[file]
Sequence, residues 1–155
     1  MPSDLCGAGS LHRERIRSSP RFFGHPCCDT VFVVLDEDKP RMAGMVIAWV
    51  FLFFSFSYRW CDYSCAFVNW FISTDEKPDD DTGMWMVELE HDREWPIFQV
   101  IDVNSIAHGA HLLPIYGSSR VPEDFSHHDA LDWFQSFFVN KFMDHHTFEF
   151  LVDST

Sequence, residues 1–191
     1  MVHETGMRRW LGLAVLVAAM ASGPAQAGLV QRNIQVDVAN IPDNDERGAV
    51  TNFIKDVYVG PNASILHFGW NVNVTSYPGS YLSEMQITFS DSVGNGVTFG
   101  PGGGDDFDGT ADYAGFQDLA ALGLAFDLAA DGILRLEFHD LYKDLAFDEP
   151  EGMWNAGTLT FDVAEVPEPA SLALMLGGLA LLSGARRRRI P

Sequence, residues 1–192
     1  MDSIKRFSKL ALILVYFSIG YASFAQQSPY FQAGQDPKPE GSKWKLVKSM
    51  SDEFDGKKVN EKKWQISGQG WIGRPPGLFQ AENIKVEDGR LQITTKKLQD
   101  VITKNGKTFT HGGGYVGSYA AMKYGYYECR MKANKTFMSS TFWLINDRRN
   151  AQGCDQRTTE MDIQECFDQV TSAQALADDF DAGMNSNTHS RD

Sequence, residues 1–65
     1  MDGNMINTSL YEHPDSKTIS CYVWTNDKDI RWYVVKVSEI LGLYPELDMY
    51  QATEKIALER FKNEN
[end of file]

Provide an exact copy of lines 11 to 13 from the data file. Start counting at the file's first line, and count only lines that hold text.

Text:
Sequence, residues 1–192
     1  MDSIKRFSKL ALILVYFSIG YASFAQQSPY FQAGQDPKPE GSKWKLVKSM
    51  SDEFDGKKVN EKKWQISGQG WIGRPPGLFQ AENIKVEDGR LQITTKKLQD